Writing in the Trenches Versus Writing on the Sidelines
One of the reasons my blog has been successful among technical writers is because I'm in a technical writer in the trenches rather than on the sidelines. In contrast, many other people in the field of tech comm writing blogs are sales engineers, consultants, marketers, or c-level executives.
If there's one truism about writing that seems to work universally, it's this: write about what you know. When you're immersed in the environment first hand, working directly with the tools, processes, challenges, and dealing with all the issues that go along with your tech writer role, it's a lot easier to write about real technical writing topics that connect with other technical writers.
Hardly a day goes by that, as a technical writer, I don't experience something worth writing about. Sometimes it's a little experience that I'm curious to explore in more depth. Other times it's the big issues that have my head spinning. Either way, experience works as the catalyst for writing.
This setup is convenient for me, but what if you're writing for your company, and your role varies widely from your audience's role? Let's say you're writing for business entrepreneurs, but you personally have no interest in business entrepreneurship. Or let's say you're writing for doctors, but you personally aren't a doctor nor do you have much passion for medicine.
Setting aside roles, what if you don't use your company's products? Maybe you sell million dollar storage array systems for network engineers. Maybe you sell financial software for series 7 analysts. Or PCI audit solutions or some other product that you don't use.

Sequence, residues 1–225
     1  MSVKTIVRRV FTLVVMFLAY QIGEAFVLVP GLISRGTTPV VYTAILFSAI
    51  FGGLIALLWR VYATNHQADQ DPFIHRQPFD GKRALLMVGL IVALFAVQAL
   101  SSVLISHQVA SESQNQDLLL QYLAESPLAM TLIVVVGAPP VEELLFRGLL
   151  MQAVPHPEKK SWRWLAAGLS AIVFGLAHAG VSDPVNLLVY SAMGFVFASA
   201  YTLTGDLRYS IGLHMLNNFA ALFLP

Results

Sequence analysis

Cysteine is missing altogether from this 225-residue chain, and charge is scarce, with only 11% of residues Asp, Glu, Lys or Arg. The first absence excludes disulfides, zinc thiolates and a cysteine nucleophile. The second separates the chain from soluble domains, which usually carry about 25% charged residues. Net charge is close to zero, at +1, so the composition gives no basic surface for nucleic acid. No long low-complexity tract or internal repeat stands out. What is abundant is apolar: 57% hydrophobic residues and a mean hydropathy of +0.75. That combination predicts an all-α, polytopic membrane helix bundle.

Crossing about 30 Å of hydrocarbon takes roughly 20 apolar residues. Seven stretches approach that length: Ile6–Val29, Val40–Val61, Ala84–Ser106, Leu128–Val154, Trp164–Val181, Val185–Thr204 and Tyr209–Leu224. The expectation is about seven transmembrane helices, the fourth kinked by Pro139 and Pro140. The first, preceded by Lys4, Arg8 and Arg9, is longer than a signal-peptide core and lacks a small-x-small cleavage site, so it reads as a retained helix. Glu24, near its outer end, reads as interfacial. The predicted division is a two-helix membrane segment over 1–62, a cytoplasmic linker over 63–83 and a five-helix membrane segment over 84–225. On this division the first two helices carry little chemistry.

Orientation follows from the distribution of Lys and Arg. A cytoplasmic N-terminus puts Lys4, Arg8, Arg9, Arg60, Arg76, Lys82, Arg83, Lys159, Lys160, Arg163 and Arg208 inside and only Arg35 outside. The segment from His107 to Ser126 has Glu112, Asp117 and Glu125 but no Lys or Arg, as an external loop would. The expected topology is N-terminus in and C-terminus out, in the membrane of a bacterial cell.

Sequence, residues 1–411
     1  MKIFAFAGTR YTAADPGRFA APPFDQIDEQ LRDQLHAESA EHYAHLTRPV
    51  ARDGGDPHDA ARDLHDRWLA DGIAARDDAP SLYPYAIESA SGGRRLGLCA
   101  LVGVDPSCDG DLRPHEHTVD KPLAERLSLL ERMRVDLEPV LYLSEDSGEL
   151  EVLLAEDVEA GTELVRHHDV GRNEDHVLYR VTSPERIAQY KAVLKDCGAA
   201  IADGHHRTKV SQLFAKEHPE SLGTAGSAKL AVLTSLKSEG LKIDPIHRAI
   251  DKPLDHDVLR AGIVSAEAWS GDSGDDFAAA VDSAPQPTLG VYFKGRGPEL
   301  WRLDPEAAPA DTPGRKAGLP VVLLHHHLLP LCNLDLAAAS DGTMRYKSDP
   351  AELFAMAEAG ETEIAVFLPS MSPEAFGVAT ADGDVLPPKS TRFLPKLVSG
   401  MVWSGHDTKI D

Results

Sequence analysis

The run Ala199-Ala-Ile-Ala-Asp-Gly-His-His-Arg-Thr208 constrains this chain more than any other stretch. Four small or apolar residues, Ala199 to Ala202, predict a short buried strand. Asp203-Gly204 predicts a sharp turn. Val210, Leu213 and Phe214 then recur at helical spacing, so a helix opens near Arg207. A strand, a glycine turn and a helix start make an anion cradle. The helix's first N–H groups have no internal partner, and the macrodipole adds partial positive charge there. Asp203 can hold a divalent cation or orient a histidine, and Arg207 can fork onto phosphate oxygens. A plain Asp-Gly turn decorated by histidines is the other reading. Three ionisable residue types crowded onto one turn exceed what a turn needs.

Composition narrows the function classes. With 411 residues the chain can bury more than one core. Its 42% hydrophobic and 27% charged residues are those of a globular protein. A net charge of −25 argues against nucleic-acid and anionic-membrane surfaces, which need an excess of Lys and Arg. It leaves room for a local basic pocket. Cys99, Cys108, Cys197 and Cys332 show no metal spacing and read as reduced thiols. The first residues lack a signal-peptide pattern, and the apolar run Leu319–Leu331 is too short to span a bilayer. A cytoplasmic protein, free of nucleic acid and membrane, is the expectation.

It's rare that company employees regularly use the products they sell. Without using the product, how do you write about these products so that you can create real content that speaks to real users?
Use Your Products If You Can
If you have access to use your company's products in real situations, this is the first step to take. This situation better fits tangible products that people buy and sell online -- mountain bikes, clothing and apparel, photography gear, or some other physical product. You can go out of your way to try them out, testing them out in situations. In the IT field, using your own products is called "eating your own dog food."
I'm in a fortunate situation to eat my own dog food. For example, I recently began using our Gospel Library app to read scriptures digitally, rather than reading traditional paper scriptures. Using the product has opened my eyes to all kinds of topics and issues to write about.
Experience Your Product Through Other Users
Let's say that your product really isn't something you can use. In this case, you can try to use it through the eyes of another person. In fact, even if you do use the product yourself, you'll still need to immerse yourself in the experiences of others, since one person's experience can never generalize to everyone else's experience.
When you gather experiences and feedback from other users, you probably won't feel the same sense or urgency and passion behind the issues, but with a bit of imagination and empathy, it can be enough to write about the topic credibly and intelligently.